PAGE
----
SRI Homebase staff volunteers will be the main source of communication between the deployment team and the parents and significant others of deployment participants. The designated on-call SRI Homebase staff/volunteer will provide regular status updates to the designated parent or significant other of deployment participants. The purposed of this communication is to provide a check in of deployment progress and locations and possible difficulties with weather that could create delays and or changes to itineraries of the deployments.


Participants are required to attend all mandatory meetings ( including, clinics, discussion sections, lectures, and other types of deployment meetings pertaining to the deployment you are signed up) In addition, because participants, apply online, the list of registered participants fluctuates. A participant's presence at the first mandatory meeting is required to clearly indicate the number of students who are committed to go on a deployment. We as an organization of SRI takes this very seriously! It is very critical for the participant to receive the right information and to be full inform and prepared. It is critical that all parents and guardians to be fully informed and aware of every detail about your participant. Lastly it is crucial and responsible we adhere to ALL in respect to our partners, sponsors and donors and all the in between of individuals of thousands of man hours and financial are uphold and supported by SRI mission to make these lifetime opportunities happen for our veterans and our youth. Our sponsors, supporters, donors and partners believes in our mission and it is SRI responsibility to follow thru respectfully by showing their support ingratitude at full 100% attendance as this is an investment for youth and veterans.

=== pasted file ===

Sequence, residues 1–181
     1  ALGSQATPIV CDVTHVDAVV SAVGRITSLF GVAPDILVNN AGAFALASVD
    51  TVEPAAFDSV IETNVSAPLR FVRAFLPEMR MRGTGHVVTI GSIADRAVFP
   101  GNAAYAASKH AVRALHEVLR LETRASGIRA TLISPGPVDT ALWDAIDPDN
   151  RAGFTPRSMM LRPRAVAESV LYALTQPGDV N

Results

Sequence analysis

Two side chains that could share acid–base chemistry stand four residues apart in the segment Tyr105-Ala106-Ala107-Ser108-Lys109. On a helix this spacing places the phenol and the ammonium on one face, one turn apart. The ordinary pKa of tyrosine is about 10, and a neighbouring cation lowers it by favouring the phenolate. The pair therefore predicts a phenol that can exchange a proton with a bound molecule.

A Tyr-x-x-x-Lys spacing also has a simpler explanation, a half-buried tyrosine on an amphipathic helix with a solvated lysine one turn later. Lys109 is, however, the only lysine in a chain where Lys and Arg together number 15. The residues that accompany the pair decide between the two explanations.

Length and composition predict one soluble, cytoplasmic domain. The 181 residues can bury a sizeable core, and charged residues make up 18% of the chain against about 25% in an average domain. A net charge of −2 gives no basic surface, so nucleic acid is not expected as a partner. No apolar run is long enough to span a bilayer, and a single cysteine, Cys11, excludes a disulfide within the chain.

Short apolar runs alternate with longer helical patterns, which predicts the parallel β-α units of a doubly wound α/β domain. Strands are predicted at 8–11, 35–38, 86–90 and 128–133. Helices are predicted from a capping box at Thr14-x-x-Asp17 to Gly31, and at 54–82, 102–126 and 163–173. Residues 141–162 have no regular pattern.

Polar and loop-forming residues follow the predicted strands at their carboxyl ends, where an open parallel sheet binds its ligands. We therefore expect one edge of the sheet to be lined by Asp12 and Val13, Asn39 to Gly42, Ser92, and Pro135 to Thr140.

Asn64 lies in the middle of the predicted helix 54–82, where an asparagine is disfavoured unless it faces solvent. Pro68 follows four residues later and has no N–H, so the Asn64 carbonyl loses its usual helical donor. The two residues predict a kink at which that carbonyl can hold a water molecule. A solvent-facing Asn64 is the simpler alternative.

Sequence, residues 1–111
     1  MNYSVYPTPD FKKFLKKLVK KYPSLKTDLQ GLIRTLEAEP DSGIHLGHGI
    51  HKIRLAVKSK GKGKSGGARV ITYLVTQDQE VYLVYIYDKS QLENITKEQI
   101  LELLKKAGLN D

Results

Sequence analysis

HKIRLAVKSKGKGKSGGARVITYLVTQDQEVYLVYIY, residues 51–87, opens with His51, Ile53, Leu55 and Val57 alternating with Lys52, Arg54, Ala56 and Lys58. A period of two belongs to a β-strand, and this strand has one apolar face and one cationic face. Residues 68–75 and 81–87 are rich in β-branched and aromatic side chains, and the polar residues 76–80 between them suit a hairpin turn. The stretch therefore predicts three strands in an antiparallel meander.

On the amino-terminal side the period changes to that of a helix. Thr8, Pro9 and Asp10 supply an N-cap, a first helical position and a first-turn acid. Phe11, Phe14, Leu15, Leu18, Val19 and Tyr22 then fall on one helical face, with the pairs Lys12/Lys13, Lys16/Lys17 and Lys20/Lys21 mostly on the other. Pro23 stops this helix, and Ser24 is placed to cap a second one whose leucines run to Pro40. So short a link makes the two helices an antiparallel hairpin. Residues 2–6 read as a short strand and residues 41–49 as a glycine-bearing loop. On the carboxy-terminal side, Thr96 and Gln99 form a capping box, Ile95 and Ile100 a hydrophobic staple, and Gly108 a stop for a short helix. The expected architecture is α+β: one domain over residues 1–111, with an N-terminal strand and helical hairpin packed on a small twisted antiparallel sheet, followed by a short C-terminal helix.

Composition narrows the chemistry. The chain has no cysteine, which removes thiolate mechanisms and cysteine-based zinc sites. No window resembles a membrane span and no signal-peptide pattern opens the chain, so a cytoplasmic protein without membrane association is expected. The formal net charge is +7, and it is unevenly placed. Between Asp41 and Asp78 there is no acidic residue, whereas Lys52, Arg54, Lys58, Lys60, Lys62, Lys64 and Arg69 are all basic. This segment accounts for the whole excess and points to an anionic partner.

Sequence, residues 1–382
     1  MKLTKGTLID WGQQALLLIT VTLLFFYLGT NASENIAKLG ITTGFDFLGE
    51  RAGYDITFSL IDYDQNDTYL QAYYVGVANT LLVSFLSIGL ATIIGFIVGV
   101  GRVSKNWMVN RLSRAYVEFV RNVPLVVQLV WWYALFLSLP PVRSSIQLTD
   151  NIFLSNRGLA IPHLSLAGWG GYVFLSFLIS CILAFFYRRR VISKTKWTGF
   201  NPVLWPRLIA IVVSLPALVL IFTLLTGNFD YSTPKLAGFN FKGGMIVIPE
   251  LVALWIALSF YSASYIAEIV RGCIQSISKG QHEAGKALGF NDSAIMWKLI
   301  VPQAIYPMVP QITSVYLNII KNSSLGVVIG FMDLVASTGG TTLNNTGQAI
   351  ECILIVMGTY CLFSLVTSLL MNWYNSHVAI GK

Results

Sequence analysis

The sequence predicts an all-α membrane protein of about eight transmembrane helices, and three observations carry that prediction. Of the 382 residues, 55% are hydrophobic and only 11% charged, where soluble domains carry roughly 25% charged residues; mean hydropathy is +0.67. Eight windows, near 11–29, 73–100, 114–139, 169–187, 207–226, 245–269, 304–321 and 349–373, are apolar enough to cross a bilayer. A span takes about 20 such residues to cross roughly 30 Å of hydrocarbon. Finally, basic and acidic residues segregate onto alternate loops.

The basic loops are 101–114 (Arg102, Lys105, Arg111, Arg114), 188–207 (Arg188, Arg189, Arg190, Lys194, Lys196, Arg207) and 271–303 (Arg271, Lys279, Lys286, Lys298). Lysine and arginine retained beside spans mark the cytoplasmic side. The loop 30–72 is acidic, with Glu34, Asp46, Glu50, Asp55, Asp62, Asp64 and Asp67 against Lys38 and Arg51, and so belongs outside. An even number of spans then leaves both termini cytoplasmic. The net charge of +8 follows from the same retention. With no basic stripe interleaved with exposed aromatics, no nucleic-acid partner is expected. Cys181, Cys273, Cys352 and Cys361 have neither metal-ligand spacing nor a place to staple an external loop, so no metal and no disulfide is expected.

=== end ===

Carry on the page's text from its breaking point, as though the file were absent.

1. Participants are required to attend the first orientation meeting before the season starts in order to receive important information about the season deployments from SRI SRI Deployment Director, SRI Deployment Staff, SRI Volunteer or Veteran Leader.. Participants must attend ALL mandatory meeting that are scheduled pertaining to your deployment (including, clinics, discussion sections, lectures, and other types of deployment meetings), unless you have obtained prior approval from the President, SRI Deployment Director, SRI Deployment Staff, for an intended absence before the first class meeting. Without such prior approval, a student may lose their place in the class to another student and will be disqualified from that deployment.
    2. If a participant's wishes to remain in a deployment from which the student has been absent the first day without prior approval, the student must contact the President, SRI Deployment Director, SRI Deployment Staff, as soon as possible. In this circumstance, President, SRI Deployment Director, SRI Deployment Staff, have the right to deny access to the class if other participants have been added and the course is full. However, President, SRI Deployment Director, SRI Deployment Staff, should consider extenuating circumstances that may have prevented a student from attending the first class session and from notifying the President, SRI Deployment Director, SRI Deployment Staff, in advance.
    3. Absence from the first class session that falls during a recognized religious holiday (e.g., Rosh Hashanah) does not require President, SRI Deployment Director, SRI Deployment Staff, approval, but the participants must notify SRI in advance regarding the absence and the reason for the absence. In this instance, the place for the student will be retained.

Please sign anywhere below the line acknowledging you agree to Soul River Inc. Deployment Policies.


Tuesday9:00AM - 3:00PM
Wednesday9:00AM - 3:00PM
Thursday9:00AM - 3:00PM

Contact us

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Soul River Inc

1926 N Kilpatrick St,

Suite B,

Portland, OR 97217

Phone. 503-954-7625

Email. fieldeducator@soulriverincrunswild.org